More than three months and 18 miles removed from helping the Loyola Maryland women’s track and field team set a school record at the prestigious Millrose Games in New York City, Carly Spinnler is exerting herself in a different — but perhaps more important — field.
Every weekend for more than a month, she has been working as a certified nursing assistant at a nursing home in her hometown of North Haledon, New Jersey. As of last week, the Holland Christian Home had reported 63 positive cases of the coronavirus and nine deaths.
But rather than be fearful, Spinnler, 20, said that the experience has actually strengthened her desire to graduate with a bachelor’s in nursing and become a nurse practitioner.
“I have learned that helping people is second nature for me and that I wouldn’t question it even in a pandemic like this,” she said, adding that she will add a few more weekday shifts to her schedule. “It really solidifies that I do want to stay in the medical field for the rest of my life. It’s good exposure, and even though it’s scary, it has to be done.”
Spinnler’s decision to juggle online courses at Loyola, take off for practice runs on her own and work at the nursing home does not surprise Greyhounds coach Amy Horst.
“She’s really been focused on caring and working in the medical field since I’ve known her in her junior year of high school,” Horst said. “So this isn’t something like, ‘Oh, I seem to be good at this.’ She has this desire to go into the medical field. So it absolutely fits.”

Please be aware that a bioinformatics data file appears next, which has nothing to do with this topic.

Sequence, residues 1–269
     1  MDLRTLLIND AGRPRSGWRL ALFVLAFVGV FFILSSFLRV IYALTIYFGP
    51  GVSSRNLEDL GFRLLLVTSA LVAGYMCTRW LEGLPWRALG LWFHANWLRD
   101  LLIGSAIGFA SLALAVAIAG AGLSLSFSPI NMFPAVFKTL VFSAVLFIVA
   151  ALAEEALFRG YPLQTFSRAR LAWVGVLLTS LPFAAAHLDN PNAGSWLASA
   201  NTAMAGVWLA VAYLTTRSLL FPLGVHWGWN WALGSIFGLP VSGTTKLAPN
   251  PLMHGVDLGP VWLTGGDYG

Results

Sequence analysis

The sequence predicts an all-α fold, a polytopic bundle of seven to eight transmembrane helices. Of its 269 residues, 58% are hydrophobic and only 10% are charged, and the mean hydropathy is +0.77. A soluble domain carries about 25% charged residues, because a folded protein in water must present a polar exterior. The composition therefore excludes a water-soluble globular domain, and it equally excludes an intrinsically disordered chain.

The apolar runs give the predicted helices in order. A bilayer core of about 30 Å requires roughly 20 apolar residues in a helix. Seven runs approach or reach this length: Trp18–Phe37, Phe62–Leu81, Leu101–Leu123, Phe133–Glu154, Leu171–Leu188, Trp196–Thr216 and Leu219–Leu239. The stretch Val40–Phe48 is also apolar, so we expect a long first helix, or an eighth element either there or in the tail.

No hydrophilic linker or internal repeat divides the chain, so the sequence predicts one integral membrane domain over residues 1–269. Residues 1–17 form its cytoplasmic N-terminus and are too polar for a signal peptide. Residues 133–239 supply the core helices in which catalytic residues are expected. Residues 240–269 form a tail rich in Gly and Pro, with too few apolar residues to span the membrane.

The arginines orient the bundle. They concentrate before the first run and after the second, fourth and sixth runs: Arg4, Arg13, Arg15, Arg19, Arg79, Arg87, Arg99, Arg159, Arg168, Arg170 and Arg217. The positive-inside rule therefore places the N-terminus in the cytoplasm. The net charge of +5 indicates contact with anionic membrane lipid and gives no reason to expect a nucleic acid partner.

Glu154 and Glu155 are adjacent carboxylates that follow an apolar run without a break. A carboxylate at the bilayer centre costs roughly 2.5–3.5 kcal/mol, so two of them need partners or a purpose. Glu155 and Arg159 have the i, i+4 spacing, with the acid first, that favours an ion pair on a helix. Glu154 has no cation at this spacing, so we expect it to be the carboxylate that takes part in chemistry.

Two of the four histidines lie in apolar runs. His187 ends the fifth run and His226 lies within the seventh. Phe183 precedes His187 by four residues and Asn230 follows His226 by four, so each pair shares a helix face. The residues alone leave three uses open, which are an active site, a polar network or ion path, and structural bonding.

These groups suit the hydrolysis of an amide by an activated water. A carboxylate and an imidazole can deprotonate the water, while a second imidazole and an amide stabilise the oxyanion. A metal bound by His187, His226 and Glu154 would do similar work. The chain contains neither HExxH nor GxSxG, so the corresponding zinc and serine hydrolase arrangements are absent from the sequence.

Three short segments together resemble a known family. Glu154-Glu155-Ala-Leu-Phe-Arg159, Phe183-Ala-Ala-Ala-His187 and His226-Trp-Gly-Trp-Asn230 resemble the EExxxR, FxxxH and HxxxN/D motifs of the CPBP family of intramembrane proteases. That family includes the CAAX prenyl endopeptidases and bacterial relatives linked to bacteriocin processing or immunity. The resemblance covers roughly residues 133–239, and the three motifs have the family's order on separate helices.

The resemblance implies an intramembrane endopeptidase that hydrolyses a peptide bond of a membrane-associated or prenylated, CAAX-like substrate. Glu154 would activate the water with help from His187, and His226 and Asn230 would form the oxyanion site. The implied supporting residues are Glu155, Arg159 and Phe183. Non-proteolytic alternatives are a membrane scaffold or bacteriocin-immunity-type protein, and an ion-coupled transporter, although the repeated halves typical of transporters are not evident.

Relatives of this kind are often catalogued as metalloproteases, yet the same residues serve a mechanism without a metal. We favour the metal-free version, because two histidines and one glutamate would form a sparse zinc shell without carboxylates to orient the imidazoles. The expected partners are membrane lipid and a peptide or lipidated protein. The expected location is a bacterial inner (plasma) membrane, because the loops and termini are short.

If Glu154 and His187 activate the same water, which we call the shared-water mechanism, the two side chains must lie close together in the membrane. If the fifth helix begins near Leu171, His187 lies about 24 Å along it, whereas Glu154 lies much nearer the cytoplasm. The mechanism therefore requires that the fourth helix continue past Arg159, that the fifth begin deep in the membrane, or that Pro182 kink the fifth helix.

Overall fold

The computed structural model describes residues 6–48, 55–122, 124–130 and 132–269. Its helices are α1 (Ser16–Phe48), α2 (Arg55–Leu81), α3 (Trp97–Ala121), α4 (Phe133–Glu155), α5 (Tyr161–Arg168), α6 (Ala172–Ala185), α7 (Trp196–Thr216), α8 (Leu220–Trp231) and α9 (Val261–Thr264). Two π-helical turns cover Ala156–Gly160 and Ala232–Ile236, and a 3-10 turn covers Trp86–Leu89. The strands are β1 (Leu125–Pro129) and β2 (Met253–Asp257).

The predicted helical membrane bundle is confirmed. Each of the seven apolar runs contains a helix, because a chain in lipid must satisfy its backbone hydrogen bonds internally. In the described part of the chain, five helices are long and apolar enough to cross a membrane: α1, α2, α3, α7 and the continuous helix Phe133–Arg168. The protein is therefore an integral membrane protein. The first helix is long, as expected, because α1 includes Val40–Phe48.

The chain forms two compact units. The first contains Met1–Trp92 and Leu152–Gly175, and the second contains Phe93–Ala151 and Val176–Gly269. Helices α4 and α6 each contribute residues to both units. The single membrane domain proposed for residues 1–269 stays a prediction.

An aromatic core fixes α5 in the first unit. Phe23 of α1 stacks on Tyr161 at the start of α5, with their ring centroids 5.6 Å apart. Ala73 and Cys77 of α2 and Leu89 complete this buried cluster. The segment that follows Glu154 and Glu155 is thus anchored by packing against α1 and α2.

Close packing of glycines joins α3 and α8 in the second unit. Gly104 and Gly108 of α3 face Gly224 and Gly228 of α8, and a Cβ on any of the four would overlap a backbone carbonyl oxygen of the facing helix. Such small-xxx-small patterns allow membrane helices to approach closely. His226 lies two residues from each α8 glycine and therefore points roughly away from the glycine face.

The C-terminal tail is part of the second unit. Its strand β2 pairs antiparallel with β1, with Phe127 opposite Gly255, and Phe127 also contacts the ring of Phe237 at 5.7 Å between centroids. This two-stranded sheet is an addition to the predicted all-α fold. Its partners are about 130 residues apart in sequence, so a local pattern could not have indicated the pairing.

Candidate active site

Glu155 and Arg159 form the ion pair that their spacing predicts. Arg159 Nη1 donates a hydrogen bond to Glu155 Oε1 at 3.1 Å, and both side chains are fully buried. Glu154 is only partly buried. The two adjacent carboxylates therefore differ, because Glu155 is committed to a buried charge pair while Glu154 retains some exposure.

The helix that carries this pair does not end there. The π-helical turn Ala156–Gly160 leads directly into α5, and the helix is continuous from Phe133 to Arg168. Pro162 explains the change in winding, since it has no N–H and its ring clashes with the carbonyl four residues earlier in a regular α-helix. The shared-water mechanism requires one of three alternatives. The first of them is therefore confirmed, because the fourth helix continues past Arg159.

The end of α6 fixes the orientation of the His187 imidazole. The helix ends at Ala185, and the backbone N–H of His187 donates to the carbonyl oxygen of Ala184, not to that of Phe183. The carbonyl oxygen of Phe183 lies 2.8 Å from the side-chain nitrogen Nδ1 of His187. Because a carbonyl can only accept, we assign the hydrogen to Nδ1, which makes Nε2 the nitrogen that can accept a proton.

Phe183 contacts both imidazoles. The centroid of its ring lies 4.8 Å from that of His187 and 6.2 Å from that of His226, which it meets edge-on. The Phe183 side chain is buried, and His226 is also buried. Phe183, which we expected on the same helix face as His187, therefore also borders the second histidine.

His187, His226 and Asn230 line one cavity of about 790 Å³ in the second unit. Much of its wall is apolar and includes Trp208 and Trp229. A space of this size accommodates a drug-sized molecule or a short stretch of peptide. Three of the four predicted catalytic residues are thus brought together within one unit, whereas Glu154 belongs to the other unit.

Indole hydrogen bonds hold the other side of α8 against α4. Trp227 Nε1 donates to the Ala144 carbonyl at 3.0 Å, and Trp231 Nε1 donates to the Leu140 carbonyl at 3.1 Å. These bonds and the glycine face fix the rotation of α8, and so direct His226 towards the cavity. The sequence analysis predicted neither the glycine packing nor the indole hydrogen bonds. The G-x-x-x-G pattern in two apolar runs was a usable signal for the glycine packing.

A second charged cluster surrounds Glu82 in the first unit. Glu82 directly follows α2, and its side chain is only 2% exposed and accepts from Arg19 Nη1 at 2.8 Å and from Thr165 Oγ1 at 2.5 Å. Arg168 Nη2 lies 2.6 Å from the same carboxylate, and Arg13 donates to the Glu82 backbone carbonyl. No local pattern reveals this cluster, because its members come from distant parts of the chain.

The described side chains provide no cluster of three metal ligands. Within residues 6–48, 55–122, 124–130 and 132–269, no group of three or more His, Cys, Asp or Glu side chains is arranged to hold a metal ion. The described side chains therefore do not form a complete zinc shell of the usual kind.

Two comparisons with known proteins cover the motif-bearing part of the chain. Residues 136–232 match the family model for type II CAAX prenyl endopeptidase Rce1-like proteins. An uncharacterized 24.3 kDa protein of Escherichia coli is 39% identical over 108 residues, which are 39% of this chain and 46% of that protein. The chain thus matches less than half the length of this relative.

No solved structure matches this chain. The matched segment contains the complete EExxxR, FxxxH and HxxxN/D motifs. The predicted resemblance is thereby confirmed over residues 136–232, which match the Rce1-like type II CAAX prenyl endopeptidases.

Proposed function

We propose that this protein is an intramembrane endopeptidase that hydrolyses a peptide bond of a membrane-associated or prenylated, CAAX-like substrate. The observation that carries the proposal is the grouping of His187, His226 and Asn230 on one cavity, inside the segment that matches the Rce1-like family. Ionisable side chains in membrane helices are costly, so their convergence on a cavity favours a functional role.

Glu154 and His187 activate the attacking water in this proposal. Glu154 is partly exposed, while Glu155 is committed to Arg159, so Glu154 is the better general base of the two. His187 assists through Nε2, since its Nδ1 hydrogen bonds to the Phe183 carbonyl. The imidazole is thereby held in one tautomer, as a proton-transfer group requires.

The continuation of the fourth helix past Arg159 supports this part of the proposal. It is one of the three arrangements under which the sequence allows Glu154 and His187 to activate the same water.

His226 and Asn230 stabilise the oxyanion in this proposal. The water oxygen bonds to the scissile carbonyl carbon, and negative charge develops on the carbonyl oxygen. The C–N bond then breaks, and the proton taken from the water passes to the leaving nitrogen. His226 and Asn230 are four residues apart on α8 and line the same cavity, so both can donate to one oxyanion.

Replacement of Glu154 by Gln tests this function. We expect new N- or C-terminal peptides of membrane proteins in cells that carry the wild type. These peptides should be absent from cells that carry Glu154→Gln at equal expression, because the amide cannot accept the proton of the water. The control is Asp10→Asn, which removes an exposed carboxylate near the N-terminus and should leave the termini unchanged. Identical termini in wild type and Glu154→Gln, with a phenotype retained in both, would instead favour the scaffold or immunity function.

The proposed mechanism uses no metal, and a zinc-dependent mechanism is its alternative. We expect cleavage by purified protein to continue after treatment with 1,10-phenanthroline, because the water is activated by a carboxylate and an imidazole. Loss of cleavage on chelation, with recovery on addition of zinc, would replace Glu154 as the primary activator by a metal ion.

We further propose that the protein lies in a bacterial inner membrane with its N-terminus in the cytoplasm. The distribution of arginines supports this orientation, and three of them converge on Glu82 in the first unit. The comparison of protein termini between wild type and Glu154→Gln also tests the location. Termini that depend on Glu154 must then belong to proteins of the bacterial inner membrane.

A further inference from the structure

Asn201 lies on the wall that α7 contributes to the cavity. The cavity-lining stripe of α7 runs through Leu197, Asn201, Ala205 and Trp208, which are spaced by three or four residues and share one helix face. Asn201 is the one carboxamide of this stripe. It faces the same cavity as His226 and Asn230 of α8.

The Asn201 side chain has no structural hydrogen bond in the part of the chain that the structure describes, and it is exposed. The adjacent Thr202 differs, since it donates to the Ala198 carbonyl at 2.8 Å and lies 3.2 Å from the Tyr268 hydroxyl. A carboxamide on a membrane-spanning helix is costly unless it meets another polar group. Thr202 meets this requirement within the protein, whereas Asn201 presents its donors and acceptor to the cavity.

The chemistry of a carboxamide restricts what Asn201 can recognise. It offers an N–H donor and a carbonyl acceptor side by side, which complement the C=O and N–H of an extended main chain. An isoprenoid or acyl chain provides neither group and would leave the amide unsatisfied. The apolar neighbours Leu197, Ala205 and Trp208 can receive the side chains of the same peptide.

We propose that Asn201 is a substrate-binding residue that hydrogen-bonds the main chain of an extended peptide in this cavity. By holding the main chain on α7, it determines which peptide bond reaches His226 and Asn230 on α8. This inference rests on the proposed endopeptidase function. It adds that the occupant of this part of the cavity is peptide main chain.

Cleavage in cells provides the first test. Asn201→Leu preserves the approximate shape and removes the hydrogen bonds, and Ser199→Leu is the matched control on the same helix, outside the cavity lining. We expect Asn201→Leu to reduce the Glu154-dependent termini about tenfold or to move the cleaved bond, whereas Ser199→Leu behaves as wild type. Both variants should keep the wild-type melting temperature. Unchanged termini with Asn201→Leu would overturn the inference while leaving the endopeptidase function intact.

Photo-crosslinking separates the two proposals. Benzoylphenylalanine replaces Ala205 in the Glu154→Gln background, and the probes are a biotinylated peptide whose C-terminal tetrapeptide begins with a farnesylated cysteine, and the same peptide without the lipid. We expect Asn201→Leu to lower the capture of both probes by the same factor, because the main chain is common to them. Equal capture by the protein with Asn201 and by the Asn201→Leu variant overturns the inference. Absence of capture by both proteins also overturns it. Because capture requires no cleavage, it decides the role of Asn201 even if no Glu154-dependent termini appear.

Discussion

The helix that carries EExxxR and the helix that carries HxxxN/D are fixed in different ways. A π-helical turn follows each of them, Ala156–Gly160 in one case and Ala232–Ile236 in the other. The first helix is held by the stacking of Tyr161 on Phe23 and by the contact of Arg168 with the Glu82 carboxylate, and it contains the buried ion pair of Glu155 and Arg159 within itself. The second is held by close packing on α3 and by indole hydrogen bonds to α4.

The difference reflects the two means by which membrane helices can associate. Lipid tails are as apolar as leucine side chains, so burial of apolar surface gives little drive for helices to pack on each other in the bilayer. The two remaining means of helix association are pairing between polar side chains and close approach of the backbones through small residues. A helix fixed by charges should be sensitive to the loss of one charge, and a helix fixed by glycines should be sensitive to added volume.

Spinnler, who earned her emergency medical technician certification as a junior at Passaic County Technical Institute and had been working at Holland Christian Home every summer since her senior year at high school, said she was home for about two weeks after students had been sent home in mid-March. While out for a training run on some neighborhood roads, Spinnler was approached by her boss, who asked her to consider returning to the home, which at that time had one patient exhibiting flu-like symptoms and several employees quarantining at home after testing positive for COVID-19.
“I definitely was a little hesitant at first,” she said, referring to being apprehensive about possibly infecting her parents. “I didn’t want to bring home the sickness to them. But we agreed that as long as I would be getting the right protection and all that, it was the right thing to do. And then I didn’t really think twice about it after that.”
George Spinnler, 67, said that he and his 60-year-old wife Kathy’s support for their daughter far outweighed any concerns about the coronavirus.
“You always have that thought in your mind,” he said. “But at the end of the day, she’s a grown up, and this is what she wants to do for the rest of her life. We’re on board with what she wants to do.”
As soon as she arrives at the nursing home, Carly Spinnler wears scrubs, a gown with a hood, a hairnet, a disposable mask over an N95 mask and gloves. She then visits patients with responsibilities ranging from feeding, bathing, grooming and changing their clothes.
The gear and the warm room temperatures preferred by the residents make it tough for Spinnler. But she said the most difficult aspect is trying to explain the current situation to residents — many of whom suffer from dementia or Alzheimer’s disease.